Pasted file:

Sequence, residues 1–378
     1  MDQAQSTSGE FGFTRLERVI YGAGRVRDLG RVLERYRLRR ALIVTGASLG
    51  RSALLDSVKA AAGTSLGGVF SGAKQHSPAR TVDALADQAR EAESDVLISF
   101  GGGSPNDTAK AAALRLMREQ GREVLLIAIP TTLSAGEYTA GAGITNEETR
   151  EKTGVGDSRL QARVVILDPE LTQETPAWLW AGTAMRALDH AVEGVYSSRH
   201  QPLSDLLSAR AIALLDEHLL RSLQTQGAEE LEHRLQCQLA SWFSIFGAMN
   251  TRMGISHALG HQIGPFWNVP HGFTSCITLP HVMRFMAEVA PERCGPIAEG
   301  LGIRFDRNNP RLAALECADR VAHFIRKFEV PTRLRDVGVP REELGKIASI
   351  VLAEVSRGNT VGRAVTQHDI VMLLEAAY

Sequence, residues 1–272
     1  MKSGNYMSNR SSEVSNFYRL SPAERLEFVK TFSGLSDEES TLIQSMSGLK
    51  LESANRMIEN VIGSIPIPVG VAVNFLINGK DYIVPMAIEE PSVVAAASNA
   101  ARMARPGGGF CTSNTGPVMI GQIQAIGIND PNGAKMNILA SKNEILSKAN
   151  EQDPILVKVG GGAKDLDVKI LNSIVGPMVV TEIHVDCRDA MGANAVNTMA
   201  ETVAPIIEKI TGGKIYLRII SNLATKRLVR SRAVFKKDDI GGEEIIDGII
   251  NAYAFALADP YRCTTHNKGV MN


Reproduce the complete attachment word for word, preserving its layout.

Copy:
Sequence, residues 1–378
     1  MDQAQSTSGE FGFTRLERVI YGAGRVRDLG RVLERYRLRR ALIVTGASLG
    51  RSALLDSVKA AAGTSLGGVF SGAKQHSPAR TVDALADQAR EAESDVLISF
   101  GGGSPNDTAK AAALRLMREQ GREVLLIAIP TTLSAGEYTA GAGITNEETR
   151  EKTGVGDSRL QARVVILDPE LTQETPAWLW AGTAMRALDH AVEGVYSSRH
   201  QPLSDLLSAR AIALLDEHLL RSLQTQGAEE LEHRLQCQLA SWFSIFGAMN
   251  TRMGISHALG HQIGPFWNVP HGFTSCITLP HVMRFMAEVA PERCGPIAEG
   301  LGIRFDRNNP RLAALECADR VAHFIRKFEV PTRLRDVGVP REELGKIASI
   351  VLAEVSRGNT VGRAVTQHDI VMLLEAAY

Sequence, residues 1–272
     1  MKSGNYMSNR SSEVSNFYRL SPAERLEFVK TFSGLSDEES TLIQSMSGLK
    51  LESANRMIEN VIGSIPIPVG VAVNFLINGK DYIVPMAIEE PSVVAAASNA
   101  ARMARPGGGF CTSNTGPVMI GQIQAIGIND PNGAKMNILA SKNEILSKAN
   151  EQDPILVKVG GGAKDLDVKI LNSIVGPMVV TEIHVDCRDA MGANAVNTMA
   201  ETVAPIIEKI TGGKIYLRII SNLATKRLVR SRAVFKKDDI GGEEIIDGII
   251  NAYAFALADP YRCTTHNKGV MN